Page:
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Ever since Aristotle, conventional wisdom has been that a robust middle class is a sine qua non for stable democracy. Put simply: no middle class, no democracy.

For decades, modernization and democratization theorists believed the prospects for stable democracy were grim in Latin America since there was “no middle class to speak of.”1 Conversely, others found evidence of a growing middle class, but warned about the potential for political destabilization in the face of middle-class mobilization2 and the breakdown of cross-class alliances.3 And more recently, multilateral banks and the media have hailed the growth of the middle class in Latin America, attributing it to a felicitous mix of economic stability, economic growth and innovative social programs.

These competing views raise two questions: 1) How large is the group of individuals who consider themselves to be middle class in Latin America and the Caribbean today? 2) Will this group be a force for democratic stability or political decay?

Our analyses below suggest that Aristotle was not always right. Using a preliminary dataset from the 2012 AmericasBarometer survey by the Latin American Public Opinion Project (LAPOP) at Vanderbilt University, which included over 41,000 interviews in 26 countries, we found that the self-defined middle class has become the largest class grouping in the Americas today. But their political and democratic attitudes and practices are not that different from those who identify with the lower classes, and, in one case, even less democratic.

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How Large? The data show that a plurality of citizens of the Americas (41.0%) perceive themselves as belonging to the middle class. When we combine those who identify themselves as “lower-middle” class (29.2%), we see that a large portion of Latin American societies (70.2%) consider themselves broadly in the middle class.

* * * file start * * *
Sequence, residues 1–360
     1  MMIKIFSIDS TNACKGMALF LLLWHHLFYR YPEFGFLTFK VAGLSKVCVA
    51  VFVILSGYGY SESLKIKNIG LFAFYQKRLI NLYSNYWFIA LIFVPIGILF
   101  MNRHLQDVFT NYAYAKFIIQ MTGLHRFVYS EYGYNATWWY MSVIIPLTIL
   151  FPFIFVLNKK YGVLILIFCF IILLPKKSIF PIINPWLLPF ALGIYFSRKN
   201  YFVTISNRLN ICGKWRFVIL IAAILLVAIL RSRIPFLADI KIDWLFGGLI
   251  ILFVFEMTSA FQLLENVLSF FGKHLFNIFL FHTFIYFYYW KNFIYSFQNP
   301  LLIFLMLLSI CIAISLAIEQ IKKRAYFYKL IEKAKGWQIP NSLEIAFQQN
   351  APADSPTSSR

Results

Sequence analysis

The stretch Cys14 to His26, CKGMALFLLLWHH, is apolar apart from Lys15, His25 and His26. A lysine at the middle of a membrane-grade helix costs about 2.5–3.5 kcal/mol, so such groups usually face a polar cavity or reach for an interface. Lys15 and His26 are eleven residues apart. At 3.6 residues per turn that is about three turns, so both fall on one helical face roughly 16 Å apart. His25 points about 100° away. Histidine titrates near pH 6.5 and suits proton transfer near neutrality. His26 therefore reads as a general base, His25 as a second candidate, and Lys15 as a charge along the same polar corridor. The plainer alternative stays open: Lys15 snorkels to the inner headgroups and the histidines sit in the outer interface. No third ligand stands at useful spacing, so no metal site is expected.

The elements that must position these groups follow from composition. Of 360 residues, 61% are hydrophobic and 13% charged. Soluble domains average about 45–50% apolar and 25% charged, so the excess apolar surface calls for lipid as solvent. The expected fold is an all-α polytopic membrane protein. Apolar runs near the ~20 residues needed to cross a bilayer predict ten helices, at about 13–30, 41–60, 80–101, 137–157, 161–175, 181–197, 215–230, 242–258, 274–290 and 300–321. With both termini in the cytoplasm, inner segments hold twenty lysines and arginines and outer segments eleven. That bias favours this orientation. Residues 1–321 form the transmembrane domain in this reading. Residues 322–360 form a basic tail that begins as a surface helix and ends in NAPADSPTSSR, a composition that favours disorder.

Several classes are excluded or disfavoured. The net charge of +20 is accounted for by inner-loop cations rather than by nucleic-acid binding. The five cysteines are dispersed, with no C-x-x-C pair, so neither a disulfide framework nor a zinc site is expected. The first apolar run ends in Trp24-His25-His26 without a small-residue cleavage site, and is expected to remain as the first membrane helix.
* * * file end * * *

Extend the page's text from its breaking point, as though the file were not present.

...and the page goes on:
These figures are based on a question from the 2012 AmericasBarometer survey, which asked respondents to identify themselves as belonging to one of five class categories: lower class, lower-middle class, middle class, upper-middle class, and upper class.4 This is the measurement of class used for the analyses that follow.

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The term “class” is often associated with economic circumstances. While there are many ways to measure middle class (including those discussed in this issue by Lopez-Calva, p.52), comparisons of our survey data with other research indicate that individuals across the Americas tend to qualify themselves as middle class at a greater rate than do objective measures such as income or possession of electronic consumer goods.

Where? Since John Johnson’s 1958 work on the “middle sectors” in Latin America, most research has shown a link between urbanization and the middle class.5 Our results confirm that this connection still exists; those living in urban areas are more likely to identify with the middle class (45.2%) than those in rural areas (34.8%).

Our analyses also find support for another widely accepted conclusion of Johnson’s study: those with higher levels of education tend to identify with the middle and upper classes.

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Economic Perspective

We find that the higher the class with which respondents identify, the more positive they are in their assessments of their personal economic situations (on a 0–100 scale). This positive relationship between class membership and positive outlook supports classic research attributing self-esteem, feeling in-control, and optimism to the middle and higher classes.7

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Material Goods